1947-49, Emperado, Holck, Ordonez, Choo and Chang combined knowledge of kenpo-karate, jujitsu, judo and boxing (Chinese and American) where they began developing the concepts of Kajukenbo--blending the arts.

1950, Sijo moves his group of students to Palama where he joins Woodrow McCandless' group. Sijo becomes chief instructor with his brother Joe Emperado and McCandless assisting.

1950-60/61, creation of the original method knowledge:

14 forms
21 punch
15 grab
15 knife
13 club
8 two-man
6 three-man
26 Alphabets

plus the fundamentals, protocals, etc.



Thanks.

So would the years from 1947-1949 be called *Emperado Method*, since you say the *original method* developed from 1950-1960/61?  Or perhaps the words are not used correctly, since Original denotes an *origin*, etc. which would correctly be from 1947-1949.  I think that is were some confusion is, when thinking of how history is to be written, it should be well thought out ahead of time if possible, but I do realize that alot of what  we hear is what one would call retroactive, and not what was said in the beginning.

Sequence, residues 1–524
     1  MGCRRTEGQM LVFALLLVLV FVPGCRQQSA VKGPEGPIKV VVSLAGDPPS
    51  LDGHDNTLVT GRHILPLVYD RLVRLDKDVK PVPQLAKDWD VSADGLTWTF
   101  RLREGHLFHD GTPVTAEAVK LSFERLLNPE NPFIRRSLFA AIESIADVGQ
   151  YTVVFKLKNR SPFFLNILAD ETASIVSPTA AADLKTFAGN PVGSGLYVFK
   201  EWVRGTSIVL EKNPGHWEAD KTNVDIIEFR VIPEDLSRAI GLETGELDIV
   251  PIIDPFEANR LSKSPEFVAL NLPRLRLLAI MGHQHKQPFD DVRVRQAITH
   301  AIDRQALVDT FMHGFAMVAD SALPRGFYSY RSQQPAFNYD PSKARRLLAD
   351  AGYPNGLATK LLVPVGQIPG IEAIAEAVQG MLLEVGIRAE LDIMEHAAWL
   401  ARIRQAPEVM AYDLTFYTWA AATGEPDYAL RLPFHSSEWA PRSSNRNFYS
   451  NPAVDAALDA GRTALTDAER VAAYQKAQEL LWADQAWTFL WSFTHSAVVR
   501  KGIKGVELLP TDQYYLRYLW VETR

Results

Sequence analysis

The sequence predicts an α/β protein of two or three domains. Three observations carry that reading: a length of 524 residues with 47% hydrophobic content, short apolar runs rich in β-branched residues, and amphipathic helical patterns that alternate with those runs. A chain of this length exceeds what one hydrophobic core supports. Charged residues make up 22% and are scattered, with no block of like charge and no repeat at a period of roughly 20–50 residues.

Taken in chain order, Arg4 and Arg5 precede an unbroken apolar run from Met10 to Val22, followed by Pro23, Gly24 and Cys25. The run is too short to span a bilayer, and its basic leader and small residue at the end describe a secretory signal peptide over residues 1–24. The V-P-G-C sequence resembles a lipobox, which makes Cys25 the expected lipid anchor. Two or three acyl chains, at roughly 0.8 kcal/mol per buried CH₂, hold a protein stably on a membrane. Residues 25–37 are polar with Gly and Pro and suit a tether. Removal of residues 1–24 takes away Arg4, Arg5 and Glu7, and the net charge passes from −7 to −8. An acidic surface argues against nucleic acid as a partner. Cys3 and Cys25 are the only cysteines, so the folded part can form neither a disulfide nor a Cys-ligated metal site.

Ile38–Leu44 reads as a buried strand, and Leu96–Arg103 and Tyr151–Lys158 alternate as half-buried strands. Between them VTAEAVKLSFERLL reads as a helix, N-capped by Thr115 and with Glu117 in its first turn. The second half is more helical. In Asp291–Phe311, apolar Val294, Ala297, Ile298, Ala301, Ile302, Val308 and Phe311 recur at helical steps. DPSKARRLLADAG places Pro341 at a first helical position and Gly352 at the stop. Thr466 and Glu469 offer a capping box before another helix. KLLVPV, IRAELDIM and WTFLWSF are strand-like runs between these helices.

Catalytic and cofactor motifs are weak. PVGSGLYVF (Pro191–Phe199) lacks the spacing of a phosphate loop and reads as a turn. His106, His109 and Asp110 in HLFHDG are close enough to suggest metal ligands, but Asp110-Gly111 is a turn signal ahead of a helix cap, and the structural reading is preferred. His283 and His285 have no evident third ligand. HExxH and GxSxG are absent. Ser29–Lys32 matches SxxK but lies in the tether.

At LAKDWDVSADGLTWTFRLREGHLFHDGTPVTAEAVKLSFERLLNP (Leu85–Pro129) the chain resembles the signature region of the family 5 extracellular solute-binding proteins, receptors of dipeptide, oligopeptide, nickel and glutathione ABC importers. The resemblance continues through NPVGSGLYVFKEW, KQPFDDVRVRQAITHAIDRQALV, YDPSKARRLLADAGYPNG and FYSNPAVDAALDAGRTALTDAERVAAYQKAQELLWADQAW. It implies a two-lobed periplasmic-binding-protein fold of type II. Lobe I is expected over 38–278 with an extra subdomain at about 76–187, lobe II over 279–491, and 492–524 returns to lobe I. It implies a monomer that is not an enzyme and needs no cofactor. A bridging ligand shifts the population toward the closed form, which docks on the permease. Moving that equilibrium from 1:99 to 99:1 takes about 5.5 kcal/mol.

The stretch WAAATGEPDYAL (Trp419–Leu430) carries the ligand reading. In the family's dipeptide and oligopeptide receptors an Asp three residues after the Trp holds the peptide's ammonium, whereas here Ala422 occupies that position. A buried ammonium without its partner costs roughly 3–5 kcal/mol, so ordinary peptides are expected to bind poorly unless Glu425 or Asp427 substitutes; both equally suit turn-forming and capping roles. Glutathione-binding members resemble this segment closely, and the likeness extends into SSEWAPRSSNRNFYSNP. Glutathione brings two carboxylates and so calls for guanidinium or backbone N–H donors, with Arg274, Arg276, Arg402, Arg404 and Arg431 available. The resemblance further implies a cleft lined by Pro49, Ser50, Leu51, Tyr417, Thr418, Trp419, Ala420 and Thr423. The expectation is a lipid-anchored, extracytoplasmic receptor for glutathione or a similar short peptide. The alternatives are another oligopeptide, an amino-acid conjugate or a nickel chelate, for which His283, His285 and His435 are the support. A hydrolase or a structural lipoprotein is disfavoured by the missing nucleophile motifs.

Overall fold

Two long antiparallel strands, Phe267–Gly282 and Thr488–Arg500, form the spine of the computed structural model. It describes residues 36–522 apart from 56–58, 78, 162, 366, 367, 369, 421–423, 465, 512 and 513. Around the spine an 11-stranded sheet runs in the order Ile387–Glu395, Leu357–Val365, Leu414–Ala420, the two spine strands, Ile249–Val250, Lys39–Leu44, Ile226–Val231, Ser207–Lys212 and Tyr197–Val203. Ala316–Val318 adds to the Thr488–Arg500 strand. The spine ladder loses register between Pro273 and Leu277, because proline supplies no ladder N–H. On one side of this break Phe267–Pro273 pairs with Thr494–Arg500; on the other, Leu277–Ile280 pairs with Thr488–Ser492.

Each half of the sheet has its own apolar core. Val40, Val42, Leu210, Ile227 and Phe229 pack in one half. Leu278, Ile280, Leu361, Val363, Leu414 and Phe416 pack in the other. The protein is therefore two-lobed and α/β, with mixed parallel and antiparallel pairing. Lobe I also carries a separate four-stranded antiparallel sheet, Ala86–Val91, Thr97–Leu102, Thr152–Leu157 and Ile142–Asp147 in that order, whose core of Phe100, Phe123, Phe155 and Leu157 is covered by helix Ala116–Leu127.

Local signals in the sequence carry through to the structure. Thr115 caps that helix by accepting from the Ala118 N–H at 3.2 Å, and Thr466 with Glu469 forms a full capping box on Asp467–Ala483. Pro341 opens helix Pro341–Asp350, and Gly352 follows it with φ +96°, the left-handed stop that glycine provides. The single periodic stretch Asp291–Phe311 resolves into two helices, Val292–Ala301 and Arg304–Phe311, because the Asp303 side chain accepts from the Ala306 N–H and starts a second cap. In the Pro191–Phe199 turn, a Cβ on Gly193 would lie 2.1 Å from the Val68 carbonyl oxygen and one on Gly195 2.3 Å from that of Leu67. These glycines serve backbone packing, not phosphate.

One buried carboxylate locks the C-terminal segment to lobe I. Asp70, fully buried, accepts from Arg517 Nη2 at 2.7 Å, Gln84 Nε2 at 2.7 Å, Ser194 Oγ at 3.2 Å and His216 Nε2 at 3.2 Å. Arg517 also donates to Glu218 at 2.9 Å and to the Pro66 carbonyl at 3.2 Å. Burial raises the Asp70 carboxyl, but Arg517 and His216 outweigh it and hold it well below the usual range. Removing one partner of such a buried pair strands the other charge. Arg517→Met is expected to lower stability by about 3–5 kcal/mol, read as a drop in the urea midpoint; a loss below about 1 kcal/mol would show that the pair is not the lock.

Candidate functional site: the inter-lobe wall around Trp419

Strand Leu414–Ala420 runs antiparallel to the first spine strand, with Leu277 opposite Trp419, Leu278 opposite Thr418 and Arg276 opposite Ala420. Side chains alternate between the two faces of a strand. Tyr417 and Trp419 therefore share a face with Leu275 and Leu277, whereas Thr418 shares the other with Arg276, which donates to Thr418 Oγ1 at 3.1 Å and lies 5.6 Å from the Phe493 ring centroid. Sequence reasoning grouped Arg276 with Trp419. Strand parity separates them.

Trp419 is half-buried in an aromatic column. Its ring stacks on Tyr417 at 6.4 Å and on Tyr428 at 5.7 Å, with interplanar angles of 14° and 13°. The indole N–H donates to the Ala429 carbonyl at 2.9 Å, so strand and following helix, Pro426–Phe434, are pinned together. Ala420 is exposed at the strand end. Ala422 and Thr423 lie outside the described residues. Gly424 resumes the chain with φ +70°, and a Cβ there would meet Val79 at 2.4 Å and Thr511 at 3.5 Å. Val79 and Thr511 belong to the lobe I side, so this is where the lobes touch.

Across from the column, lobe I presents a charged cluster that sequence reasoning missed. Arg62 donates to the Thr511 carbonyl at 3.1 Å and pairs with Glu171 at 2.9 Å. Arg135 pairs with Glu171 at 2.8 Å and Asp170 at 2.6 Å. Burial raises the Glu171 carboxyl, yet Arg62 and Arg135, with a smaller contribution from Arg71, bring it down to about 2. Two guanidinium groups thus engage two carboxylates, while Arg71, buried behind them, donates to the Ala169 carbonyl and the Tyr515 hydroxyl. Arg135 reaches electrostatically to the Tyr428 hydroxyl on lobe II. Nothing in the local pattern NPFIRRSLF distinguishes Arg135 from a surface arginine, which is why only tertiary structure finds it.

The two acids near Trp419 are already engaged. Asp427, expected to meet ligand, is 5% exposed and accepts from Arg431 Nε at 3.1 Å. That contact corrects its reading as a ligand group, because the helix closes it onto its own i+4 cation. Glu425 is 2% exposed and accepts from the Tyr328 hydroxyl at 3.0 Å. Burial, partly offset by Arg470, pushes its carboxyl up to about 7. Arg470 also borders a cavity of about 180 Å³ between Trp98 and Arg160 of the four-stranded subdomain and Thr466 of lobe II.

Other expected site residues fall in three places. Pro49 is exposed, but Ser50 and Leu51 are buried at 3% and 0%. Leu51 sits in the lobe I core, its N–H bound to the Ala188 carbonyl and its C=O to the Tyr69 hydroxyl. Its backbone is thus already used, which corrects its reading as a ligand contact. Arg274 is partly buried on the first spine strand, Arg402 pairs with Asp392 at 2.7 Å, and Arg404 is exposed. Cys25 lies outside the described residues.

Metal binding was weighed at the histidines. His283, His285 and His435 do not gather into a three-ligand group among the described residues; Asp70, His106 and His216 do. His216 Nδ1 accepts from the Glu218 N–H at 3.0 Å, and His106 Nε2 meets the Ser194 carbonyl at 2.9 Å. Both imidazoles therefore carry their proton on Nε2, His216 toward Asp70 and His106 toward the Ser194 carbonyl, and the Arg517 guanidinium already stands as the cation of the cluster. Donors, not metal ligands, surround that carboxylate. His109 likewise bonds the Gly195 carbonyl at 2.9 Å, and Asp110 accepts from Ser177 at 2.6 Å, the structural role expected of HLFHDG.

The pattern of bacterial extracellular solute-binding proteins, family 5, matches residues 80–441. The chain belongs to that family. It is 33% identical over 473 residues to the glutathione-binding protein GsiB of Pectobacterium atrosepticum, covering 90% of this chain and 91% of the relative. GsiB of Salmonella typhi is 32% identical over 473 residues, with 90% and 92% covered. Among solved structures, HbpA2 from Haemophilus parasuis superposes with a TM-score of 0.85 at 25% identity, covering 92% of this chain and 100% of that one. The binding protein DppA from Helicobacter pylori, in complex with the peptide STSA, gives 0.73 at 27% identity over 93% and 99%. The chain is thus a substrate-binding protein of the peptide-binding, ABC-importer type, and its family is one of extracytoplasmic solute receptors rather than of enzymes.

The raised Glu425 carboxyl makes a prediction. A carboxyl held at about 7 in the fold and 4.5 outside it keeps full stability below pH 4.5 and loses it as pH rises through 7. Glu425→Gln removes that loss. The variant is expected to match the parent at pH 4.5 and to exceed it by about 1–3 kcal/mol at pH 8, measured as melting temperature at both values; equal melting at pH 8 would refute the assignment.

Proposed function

In the end, Kajukenbo is Kajukenbo, with no one branch or method being over another, but equal.  And in knowing that, then and only then, can true unity exist.

Thanks for your opinions.

Tim

Offline Wado

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Re: Emperado Method vs. Original Method...
« Reply #19 on: November 22, 2010, 02:17:28 AM »
IMHO, Original Method denotes how Kajukenbo was practiced under Sijo around 1960.

Emperado Method is the continuation of the Original Method under Sijo to present day.

Of course, all Kajukenbo comes under Sijo... I'm not meaning to say any differently.
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Offline Dean Goldade